The complaint charges that 650,000 public employees in North Carolina are illegally denied the right to collective bargaining, a violation of labor protections guaranteed by the North American Agreement for Labor Cooperation (NAALC), the labor side agreement to NAFTA. It was formally filed in Mexico by the Authentic Labor Front.

The complaint was filed at the request of UE Local 150, the North Carolina Public Service Workers Union.

“North Carolina’s continued denial of basic worker rights is an international disgrace, and it must be corrected,” says UE Local 150 President Angaza Laughinghouse.

The labor organizations’ filing with the NAALC charges that North Carolina’s near-total ban on public sector organizing violates substantive principles guaranteed in the NAFTA side agreement, including the rights to organize and bargain collectively.

The North Carolina public-sector organizing ban, the petition alleges, has dire effects. “In essence,” according to the petition, the ban “acts as a state-mandated impediment to eliminating race and sex discrimination. ... From establishing truly objective criteria for employment decisions to developing workable anti-harassment mechanisms, the collective bargaining process would offer public sector workers a voice in changing the current system to eradicate the widespread institutional racism and sexism.”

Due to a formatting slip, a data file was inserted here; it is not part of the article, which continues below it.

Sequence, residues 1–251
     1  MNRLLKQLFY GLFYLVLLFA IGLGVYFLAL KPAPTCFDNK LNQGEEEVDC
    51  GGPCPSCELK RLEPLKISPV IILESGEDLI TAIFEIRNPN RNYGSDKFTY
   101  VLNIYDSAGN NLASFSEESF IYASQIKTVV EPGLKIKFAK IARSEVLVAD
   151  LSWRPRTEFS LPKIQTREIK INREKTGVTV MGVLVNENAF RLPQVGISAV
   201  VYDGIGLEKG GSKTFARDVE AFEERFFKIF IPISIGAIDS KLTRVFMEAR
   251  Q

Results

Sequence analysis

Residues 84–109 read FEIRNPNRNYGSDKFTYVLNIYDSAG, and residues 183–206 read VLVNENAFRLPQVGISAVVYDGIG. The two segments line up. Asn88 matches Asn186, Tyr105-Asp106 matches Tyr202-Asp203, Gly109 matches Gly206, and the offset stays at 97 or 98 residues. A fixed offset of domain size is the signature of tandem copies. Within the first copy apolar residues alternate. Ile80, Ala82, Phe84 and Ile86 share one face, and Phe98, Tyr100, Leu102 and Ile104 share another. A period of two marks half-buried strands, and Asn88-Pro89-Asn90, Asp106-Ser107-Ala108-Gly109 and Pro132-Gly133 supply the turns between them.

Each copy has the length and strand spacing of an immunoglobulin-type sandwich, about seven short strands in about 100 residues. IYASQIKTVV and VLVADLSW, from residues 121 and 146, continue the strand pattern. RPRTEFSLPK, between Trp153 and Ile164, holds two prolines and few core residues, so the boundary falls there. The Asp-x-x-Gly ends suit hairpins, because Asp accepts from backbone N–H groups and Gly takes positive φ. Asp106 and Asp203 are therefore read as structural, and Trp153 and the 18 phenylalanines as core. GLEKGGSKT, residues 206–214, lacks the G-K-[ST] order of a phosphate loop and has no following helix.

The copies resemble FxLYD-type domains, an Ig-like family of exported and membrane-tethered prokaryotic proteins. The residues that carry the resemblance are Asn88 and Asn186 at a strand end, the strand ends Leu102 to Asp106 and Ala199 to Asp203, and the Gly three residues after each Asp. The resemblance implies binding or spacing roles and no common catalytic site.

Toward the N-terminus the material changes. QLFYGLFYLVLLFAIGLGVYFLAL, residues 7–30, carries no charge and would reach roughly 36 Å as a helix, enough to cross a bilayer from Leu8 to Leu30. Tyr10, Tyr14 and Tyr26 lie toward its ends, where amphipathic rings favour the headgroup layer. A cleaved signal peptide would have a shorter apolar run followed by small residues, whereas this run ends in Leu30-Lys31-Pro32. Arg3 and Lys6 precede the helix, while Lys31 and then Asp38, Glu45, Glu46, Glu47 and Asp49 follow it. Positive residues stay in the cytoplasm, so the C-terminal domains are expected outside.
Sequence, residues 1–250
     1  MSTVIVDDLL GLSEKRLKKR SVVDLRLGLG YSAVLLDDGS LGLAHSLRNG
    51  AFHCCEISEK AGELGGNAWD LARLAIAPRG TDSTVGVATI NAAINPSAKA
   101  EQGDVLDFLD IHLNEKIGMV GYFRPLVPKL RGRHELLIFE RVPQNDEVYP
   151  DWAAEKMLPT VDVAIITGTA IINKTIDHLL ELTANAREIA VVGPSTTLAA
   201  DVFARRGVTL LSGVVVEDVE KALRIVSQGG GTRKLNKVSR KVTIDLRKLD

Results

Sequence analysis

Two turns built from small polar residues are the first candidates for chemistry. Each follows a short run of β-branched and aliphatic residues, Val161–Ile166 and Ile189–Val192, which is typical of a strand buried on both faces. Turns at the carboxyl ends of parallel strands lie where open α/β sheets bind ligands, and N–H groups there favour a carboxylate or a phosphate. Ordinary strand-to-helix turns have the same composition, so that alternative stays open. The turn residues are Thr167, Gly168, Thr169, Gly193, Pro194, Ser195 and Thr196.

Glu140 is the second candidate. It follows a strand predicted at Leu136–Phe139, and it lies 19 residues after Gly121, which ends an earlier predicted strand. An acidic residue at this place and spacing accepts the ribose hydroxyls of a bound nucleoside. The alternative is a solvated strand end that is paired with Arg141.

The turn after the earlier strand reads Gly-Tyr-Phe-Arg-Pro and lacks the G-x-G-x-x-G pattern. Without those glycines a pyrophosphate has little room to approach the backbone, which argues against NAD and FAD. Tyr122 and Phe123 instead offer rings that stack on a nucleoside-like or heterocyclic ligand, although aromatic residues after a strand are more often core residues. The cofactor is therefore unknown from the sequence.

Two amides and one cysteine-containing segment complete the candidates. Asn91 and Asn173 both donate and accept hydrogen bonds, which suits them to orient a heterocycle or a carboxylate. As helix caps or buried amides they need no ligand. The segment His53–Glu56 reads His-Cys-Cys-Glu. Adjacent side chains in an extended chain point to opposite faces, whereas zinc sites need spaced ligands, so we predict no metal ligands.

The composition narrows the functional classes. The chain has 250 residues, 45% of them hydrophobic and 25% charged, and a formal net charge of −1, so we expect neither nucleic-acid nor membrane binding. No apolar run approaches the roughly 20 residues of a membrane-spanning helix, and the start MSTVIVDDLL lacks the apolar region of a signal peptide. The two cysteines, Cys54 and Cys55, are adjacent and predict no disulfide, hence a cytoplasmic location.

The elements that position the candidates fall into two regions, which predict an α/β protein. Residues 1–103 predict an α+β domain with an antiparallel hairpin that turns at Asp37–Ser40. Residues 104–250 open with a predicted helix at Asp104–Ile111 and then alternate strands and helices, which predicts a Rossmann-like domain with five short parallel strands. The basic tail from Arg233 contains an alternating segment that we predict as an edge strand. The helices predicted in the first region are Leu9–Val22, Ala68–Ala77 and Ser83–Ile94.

Fueling Climate Change

The World Bank remains a driver of energy policy in developing countries. Following the 2005 G8 meeting of rich countries, the Bank launched an Investment Framework on Clean Energy and Development that promised to combine support for expanded energy access for the poor with financing for alternative energy.

That promise is a sham, charge a coalition of international environment and development organizations in a September report.

Less than 10 percent of Bank energy financing goes to renewables, according to the environmental groups, and less than 2 percent of the energy portfolio of the International Finance Corporation, the private sector arm of the Bank.

At its annual meeting in September, the Bank proposed raising $10 billion for conventional energy technologies, while “selling renewable sources of energy short,” according to the environmental groups. The $10 billion aims to support conventional energy technologies that have lower carbon (greenhouse gas) emissions.

The environmentalists insist that the appropriate focus is on no-carbon options, while noting that the mitigating proposals of the new $10 billion fund would be overwhelmed by the rest of the Bank’s energy portfolio.

“Poor communities in developing countries are already paying the highest price of climate change, living with the impacts of heavy droughts and floods,” says Pantoro Tri Kuswar of Friends of the Earth Indonesia/WALHI. “The World Bank’s focus on fossil fuel projects will not bring electricity to the poor. Instead, the Bank’s proposals will lead to more pollution, conflict and corruption and do little to stop climate change.”

“Being dominated by Northern polluters, the World Bank is an inappropriate institution to lead global efforts to combat climate change,” says Bruce Jenkins of the Bank Information Center. “Rich countries should channel any additional resources for energy sector development through a new Renewable Energy for Development Agency.”

Enviro Justice Runaround